Nardone Automotive has imagined a version of the 928 that taps into the same senses as the original, but with a modernised appeal. Through an enormous list of changes, it has captured the soul of the 928 and respectfully refreshed it. The body looks much tighter than ever and is almost entirely fabricated using composite materials. From front to back, it has been slimmed down, reshaped or widened to emphasise the lines of the Porsche 928.

It sits on redesigned forged 18-inch wheels made to closely resemble the original “manhole cover” shaped wheels. The pop-up headlights, by far the most striking feature of the Porsche 928, have been completely reworked and look lighter, and fresher. The structure behind the housing is opened up now, which radically changes the appeal. Round the back, the fender-to-fender light unit has also been modernised.

Considering that the original 928 ran anywhere between 220bhp and 350bhp, the Nardone Automotive 928 keeps things relatively civilised. Through a number of performance upgrades, the V8 engine now pumps out 400bhp, which is surely loads of fun to play around with, but nowhere near the impractical amounts of power we see from time to time. The rest of the drivetrain, and suspension set-up for that matter, also received an overhaul, benefitting the car’s handling and driving experience.

The interior, as Nardone Automotive has envisioned it, is what I like best about the Porsche 928. You can clearly tell it has been retouched but it is still a through and through 1980s Porsche interior. Plush carpets, tones of brown, segmented seats, signature three-spoke steering wheel etc. It just oozes style, to me at least. The dashboard is fitted with a digital gauge cluster and a modern instrument panel in the centre console made to look period-correct. But don’t be fooled, as the car comes with modern amenities like Porsche Classic Car Management (PCCM), a high-performance audio system and Apple CarPlay.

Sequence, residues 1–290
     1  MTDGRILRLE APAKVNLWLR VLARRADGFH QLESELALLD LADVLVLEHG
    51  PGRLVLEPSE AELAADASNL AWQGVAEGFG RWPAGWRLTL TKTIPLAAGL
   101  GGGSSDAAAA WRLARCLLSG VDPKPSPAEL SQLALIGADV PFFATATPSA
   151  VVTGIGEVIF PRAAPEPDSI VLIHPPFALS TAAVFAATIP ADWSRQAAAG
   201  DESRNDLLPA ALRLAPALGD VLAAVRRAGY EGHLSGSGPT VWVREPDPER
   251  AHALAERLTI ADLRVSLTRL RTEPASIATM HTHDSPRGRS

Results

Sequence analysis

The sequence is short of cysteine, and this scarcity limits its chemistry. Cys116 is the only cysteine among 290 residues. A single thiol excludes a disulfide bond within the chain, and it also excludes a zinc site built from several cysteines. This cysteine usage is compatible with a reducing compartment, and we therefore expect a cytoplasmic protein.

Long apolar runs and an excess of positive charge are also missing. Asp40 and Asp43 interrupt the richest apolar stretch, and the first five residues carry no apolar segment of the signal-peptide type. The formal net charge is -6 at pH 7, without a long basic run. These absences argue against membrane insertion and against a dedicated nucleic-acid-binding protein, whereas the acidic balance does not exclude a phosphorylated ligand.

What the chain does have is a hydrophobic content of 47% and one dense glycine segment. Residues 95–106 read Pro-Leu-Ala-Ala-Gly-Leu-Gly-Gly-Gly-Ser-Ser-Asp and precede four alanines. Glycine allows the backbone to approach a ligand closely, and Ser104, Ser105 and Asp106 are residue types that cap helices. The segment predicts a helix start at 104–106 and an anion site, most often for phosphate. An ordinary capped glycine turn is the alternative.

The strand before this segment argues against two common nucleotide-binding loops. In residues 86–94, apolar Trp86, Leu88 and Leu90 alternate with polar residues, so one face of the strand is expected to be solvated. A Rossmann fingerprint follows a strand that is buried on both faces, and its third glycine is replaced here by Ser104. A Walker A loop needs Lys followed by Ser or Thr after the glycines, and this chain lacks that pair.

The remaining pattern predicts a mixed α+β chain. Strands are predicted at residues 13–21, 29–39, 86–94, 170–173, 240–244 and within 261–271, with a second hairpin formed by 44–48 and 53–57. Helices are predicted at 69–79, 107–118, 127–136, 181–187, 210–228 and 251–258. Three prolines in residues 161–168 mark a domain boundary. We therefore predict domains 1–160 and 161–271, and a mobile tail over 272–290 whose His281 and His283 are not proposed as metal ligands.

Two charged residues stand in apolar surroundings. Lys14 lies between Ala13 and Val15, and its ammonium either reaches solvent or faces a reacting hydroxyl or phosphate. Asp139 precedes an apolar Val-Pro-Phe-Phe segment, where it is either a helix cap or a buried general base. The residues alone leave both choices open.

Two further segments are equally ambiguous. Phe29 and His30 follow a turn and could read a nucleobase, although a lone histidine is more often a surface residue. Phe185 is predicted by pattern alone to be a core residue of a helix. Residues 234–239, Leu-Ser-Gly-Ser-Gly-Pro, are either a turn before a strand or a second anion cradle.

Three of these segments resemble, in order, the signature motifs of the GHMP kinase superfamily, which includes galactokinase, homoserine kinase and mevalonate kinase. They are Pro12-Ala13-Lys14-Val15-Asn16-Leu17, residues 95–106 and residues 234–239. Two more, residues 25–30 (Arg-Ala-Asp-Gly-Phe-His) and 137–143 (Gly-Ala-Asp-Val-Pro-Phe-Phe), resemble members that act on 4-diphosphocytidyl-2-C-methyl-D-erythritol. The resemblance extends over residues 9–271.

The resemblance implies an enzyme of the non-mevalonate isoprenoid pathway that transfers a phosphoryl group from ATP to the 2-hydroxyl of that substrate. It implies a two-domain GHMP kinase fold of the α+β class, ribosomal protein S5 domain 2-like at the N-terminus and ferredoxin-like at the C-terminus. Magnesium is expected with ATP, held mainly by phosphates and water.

Nardone Automotive will build only eight launch editions of the 928, but there’s no limited production. So basically, after the eight cars are gone, a 9th or 10th is very much a possibility. The base price of this delicious slice of 1980s retro-coolness is EUR 480,000. And that’s without taxes and a Porsche 928 donor car. Ouch.

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4 responses

  1. The 928 was fine car but the restomod madness has got to stop at some point these priced are ridiculous. Hopefully the end of free money will also kill many of these projects.

  2. Personally, I love these restomod projects. This 928 is beautiful but wish it used so ridiculously priced. Just waiting a firm to do a restomod on a Porsche 996.1 and add 992 tech and design elements – now that is something I’d save for!

  3. Love these well thought out restomods! The pricing is on par with amount of capital and time invested by the company. Gunther Werks was posting for YEARS to their FB page updates on the design and manufacturing of custom compostite parts before the actual car saw the light of day. Low volume = big $